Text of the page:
Friday, July 01, 2005

Diamond in the Sky


While overseas I was saddened to learn about the death of David Diamond, an important American composer for more than half a century. I met him numerous times, and recorded his Second Violin Concerto for Delos, presently out on Naxos, as well as some shorter pieces for the Finnish Broadcasting Company.

To most listeners Mr. Diamond’s best known piece is his “Rounds” for string orchestra, an early work. It is a very rhythmical work, full of unexpected and tricky accents, and a lot of fun to play. Being European, I didn’t know this piece, nor had I heard of the composer, until I came back to L.A. from abroad. My intention was just to hear the chamber orchestra concert in Pasadena but I was asked to sit as principal second and sight-read the work in the performance. My eye-sight was better those days and I could always basically play what I could read, so I ended up enjoying the challenge and the composition. At the reception afterwards, a lady came to talk to me and told me how she had enjoyed watching me and gave all kinds of compliments. Then she popped the question: had I ever considered becoming a professional?

Perhaps Mr. Diamond unintentionally became a victim of writing rhythmical pieces, as his initial success was with this style. Personally I always felt that his melodic, slow works were deeper and had tremendous beauty in them. In the concerto I recorded, I started counting the number of accents he had written in one fast movement alone and the total came to several hundreds. Like Khachaturian’s Violin Concerto, having that piece played on a percussion instrument might have done it more justice (Neeme J√§rvi told me once that he had recorded that work in the Soviet Union long time ago, playing the solo on a xylophone or marimba; I can’t remember which).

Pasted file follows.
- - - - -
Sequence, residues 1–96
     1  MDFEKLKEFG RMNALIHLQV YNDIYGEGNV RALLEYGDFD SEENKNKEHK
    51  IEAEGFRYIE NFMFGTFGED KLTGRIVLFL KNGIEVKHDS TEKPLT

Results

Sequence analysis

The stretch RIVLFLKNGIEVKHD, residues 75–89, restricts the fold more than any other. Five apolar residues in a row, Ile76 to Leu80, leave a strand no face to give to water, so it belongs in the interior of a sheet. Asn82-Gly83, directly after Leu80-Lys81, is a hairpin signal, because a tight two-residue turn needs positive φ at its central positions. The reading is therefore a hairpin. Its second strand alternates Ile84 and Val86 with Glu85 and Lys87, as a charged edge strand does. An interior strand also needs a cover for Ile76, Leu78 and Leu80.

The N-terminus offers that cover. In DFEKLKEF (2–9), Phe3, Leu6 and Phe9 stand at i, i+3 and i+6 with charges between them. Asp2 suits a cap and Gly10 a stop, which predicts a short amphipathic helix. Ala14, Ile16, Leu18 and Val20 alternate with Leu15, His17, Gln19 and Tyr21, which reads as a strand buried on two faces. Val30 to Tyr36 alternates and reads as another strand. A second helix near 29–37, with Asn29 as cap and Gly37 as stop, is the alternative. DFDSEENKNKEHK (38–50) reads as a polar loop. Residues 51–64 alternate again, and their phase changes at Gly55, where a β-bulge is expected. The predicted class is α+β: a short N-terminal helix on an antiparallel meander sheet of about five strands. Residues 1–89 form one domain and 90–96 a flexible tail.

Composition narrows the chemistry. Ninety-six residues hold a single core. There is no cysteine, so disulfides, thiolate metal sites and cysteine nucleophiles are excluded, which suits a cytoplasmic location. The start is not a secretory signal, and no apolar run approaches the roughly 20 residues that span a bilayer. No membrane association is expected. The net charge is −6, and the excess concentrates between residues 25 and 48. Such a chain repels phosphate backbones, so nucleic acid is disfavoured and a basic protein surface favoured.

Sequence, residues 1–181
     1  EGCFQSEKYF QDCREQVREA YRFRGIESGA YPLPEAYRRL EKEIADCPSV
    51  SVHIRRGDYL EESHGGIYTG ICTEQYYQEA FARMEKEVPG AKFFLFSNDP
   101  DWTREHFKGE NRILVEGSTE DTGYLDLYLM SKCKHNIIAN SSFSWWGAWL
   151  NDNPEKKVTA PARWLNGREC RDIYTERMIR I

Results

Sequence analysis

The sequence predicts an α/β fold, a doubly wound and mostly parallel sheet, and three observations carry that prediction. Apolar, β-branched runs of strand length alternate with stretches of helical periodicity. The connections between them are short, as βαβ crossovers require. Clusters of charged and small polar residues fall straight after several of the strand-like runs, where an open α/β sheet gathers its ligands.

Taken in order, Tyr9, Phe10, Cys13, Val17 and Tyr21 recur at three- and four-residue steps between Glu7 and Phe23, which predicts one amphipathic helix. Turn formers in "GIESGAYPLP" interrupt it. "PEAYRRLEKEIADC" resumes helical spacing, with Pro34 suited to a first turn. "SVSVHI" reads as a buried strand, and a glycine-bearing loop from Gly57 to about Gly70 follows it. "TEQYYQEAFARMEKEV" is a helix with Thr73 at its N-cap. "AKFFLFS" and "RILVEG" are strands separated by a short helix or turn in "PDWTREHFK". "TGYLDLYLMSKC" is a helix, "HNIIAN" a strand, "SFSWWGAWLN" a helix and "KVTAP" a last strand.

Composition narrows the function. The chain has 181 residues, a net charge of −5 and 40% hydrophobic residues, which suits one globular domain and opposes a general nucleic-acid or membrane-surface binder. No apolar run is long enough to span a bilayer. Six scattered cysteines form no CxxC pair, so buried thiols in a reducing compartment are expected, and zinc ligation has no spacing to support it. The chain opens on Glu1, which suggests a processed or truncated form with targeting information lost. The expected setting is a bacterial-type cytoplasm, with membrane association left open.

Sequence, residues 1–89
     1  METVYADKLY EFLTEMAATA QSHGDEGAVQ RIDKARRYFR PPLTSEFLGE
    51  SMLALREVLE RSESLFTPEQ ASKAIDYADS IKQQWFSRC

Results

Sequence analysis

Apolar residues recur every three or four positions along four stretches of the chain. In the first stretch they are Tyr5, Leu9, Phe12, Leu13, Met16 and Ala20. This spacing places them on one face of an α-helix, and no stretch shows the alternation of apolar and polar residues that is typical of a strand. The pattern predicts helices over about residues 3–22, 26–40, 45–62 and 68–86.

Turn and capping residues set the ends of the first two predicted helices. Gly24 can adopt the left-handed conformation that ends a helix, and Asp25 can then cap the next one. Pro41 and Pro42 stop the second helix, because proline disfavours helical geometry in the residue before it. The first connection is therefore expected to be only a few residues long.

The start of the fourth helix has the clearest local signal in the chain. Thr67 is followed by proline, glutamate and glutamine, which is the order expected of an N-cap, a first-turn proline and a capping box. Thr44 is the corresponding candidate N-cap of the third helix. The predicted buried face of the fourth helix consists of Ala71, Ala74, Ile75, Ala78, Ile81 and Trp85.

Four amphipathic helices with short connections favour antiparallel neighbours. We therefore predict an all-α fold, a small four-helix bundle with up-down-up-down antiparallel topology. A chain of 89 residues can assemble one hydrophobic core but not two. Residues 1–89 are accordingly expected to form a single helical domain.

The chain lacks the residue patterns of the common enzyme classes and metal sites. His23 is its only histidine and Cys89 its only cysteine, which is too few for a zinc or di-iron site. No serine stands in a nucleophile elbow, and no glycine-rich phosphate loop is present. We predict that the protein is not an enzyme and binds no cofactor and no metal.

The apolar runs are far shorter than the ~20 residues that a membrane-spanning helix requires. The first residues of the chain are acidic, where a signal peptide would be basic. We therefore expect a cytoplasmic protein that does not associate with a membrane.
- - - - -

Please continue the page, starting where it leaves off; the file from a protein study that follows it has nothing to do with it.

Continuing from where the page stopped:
Just like Sibelius, David Diamond was a violinist by training and, like my countryman, tried to write some almost unplayable passages for the instrument. In one of his smaller works for violin and piano he uses tremolo for the solo violin, something that is only successful with many people playing simultaneously. I had to change those passages. Late Stephen Albert also wrote tremolo passages while he was composing In Concordiam, which I also recorded. I asked his for the reason as he thought the sound would be louder, like in an orchestra. Needless to say, I managed to make him change his mind quickly.

Mr. Diamond would have made a good honorary Finn, as he was very serious and seldom smiled. After my performing and recording his concerto, he sent me the nicest letter with a $100 bill with it. He knew I wasn’t ever paid for any of my solo work and wanted to give me something. I promptly donated the money to some good cause.

One time I was driving him to his hotel in Seattle and told him that he had become a household name in Seattle. He took it as a great compliment, but then I pointed at a sign “Diamond Parking”, very popular in this town. He may have got mad at my prank, but I knew that deep inside he was amused. I will always miss this man, my Diamond in the Sky. At least his compositions will continue to live with us.